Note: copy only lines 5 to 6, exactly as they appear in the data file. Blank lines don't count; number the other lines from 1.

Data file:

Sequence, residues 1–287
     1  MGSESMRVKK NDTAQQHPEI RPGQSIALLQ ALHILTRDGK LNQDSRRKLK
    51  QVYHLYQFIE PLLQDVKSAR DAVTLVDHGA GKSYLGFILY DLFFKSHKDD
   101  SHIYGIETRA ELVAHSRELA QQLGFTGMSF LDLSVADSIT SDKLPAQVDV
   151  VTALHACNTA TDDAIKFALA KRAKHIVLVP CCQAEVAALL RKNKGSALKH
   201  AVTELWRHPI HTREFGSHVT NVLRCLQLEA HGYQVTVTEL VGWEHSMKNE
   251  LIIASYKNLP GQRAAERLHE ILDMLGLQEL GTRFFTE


   151  VTALHACNTA TDDAIKFALA KRAKHIVLVP CCQAEVAALL RKNKGSALKH
   201  AVTELWRHPI HTREFGSHVT NVLRCLQLEA HGYQVTVTEL VGWEHSMKNE